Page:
Noah Fleischman, Sports Editor
First it was a broken shin in 2012. Then the rod needed to be replaced in 2014 in her right leg. A couple years later, it was a torn ACL and meniscus in her left knee.
That was the latest in a series of injuries senior middle blocker Jaelyn Jackson overcame as she battled depression throughout her volleyball career.
Jackson, a South Chesterfield, Virginia, native, wanted to be far away from home when she left for college in 2014, so she decided to attend Baylor. While playing in Waco, Texas, Jackson had to redshirt her freshman year because of a new rod in her leg.
Missing her freshman year on the floor made it hard for Jackson while at Baylor. But she says not feeling appreciated on the team worsened her depression.
“I was super depressed at Baylor, and it made it really hard to want to play volleyball or come back [from injury],” Jackson said.
Jackson knew after recovering from her injury she would return to the same thing, not feeling appreciated or wanted at Baylor. She says it made her tougher mentally.
“If I got injured today I’d bounce back quick because they [VCU] need me,” Jackson said. “I have a reason to want to come back now and I think that was just a lesson I had to learn.”
Jackson has a competitive spirit, but battling through her injuries was not a competition for her. She said she didn’t feel like a competition back then; it felt like she was getting beaten down “unmercifully” and couldn’t come back from it.
“And that’s where it got difficult,” Jackson said. “Not only did I not believe in myself, no one else did either.”
Two people did believe in Jackson: her parents, and they were constantly motivating her to return to volleyball. She told them every time she wanted to quit, but they remained supportive of her and wanted her to play again.
Jackson said she has a “competitive itch” that she has to scratch. During her final season at Baylor, she was able to scratch that itch after a couple players went down with injuries.
“That re-jogged my memory of what competing felt like, because I wasn’t going to play my fifth year,” Jackson said. “I was just like ‘forget it.’ But I don’t know, I just didn’t want to let it go.”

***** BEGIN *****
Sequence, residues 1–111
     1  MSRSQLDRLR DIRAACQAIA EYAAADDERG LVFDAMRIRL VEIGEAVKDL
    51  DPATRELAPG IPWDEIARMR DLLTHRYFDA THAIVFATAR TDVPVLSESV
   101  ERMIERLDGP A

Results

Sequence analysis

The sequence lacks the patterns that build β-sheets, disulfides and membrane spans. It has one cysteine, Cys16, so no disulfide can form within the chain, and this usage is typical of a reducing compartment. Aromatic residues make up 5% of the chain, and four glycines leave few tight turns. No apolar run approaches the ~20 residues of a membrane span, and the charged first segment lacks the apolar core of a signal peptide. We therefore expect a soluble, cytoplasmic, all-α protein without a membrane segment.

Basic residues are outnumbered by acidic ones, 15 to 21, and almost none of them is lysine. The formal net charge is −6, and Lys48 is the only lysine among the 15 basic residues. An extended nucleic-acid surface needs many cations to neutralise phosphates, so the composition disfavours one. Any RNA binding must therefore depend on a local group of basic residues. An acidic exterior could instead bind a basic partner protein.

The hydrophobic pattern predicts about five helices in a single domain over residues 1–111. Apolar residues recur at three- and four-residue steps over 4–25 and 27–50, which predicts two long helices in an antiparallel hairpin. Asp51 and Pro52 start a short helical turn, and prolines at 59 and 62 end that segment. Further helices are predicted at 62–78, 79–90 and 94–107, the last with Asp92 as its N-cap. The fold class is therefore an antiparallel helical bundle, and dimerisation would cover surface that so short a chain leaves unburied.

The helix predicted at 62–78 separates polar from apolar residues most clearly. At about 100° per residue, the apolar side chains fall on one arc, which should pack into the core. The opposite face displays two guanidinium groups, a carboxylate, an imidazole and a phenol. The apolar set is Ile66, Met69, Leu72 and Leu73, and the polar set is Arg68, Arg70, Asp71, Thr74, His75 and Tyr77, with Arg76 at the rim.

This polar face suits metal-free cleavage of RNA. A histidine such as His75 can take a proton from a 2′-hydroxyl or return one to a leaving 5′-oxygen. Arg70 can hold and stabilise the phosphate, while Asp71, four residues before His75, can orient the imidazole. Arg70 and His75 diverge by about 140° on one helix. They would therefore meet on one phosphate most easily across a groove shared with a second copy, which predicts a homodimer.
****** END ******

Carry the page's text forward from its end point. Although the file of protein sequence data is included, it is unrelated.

Jackson finished her career at Baylor appearing in 32 matches and recording 130 kills and 115 blocks. In 2017, she only appeared in one match, playing in one set.
After her senior season at Baylor, Jackson decided to leave.
“I wanted to be close to home,” Jackson said of her decision to transfer to VCU. “I wanted an experience that was opposite of Baylor, not that I had an awful, terrible time there, but I didn’t feel wanted there.”
Jackson said her parents missed her more than she thought they would when she left for Baylor, and by attending VCU, she would be closer to them, just like they wanted.
“I just felt like I was supposed to be here.” — Jaelyn Jackson
Fellow graduate transfer, redshirt-senior middle blocker Kat Young, plays alongside Jackson on the front row.
“Jaelyn’s a very fiery player,” Young said. “I love playing next to her and I think we feed well of off each other. She’s also a very supportive teammate, very empathetic, here-for-you kind of person.”
On the court this season, Jackson had to fill the shoes of Tori Baldwin, who graduated last year as the all-time leading blocker in program history. Coach Jody Rogers said Jackson stepped right into the role, playing well in a challenging position.
“Her leadership has been great,” Rogers said. “On teams you need leadership to be successful, and she’s brought both of those tangibles to our program.”
This season, Jackson has logged 58 kills and 57 blocks, appearing in every match.
Rogers said that the strength and performance staff at VCU has helped Jackson and other athletes with injury prevention and recovery.
“Her work ethic is incredible, but she also takes care of her body,” Rogers said. “I really think it’s a combination of the strength performance team that we have at VCU that works so great with our student athletes.”
Rogers said it’s beneficial for Jackson to be at a university where the strength performance team is “paramount.” And Jackson says the kindness of the coaching staff was a big reason she chose VCU.
“I just felt like I was supposed to be here,” Jackson said.